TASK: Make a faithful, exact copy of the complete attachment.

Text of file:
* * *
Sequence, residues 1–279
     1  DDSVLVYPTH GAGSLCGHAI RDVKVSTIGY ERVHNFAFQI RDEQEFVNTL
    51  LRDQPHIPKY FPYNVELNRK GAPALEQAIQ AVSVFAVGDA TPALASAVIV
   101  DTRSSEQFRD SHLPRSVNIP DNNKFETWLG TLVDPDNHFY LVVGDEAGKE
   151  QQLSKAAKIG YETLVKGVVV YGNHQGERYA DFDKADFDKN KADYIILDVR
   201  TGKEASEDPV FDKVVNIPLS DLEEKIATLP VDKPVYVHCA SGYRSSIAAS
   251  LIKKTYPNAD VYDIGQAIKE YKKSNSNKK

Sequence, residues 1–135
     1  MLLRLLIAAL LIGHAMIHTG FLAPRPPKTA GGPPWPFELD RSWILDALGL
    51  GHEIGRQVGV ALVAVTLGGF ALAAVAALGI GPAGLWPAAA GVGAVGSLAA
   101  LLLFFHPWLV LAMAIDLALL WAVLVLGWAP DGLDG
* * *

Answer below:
Sequence, residues 1–279
     1  DDSVLVYPTH GAGSLCGHAI RDVKVSTIGY ERVHNFAFQI RDEQEFVNTL
    51  LRDQPHIPKY FPYNVELNRK GAPALEQAIQ AVSVFAVGDA TPALASAVIV
   101  DTRSSEQFRD SHLPRSVNIP DNNKFETWLG TLVDPDNHFY LVVGDEAGKE
   151  QQLSKAAKIG YETLVKGVVV YGNHQGERYA DFDKADFDKN KADYIILDVR
   201  TGKEASEDPV FDKVVNIPLS DLEEKIATLP VDKPVYVHCA SGYRSSIAAS
   251  LIKKTYPNAD VYDIGQAIKE YKKSNSNKK

Sequence, residues 1–135
     1  MLLRLLIAAL LIGHAMIHTG FLAPRPPKTA GGPPWPFELD RSWILDALGL
    51  GHEIGRQVGV ALVAVTLGGF ALAAVAALGI GPAGLWPAAA GVGAVGSLAA
   101  LLLFFHPWLV LAMAIDLALL WAVLVLGWAP DGLDG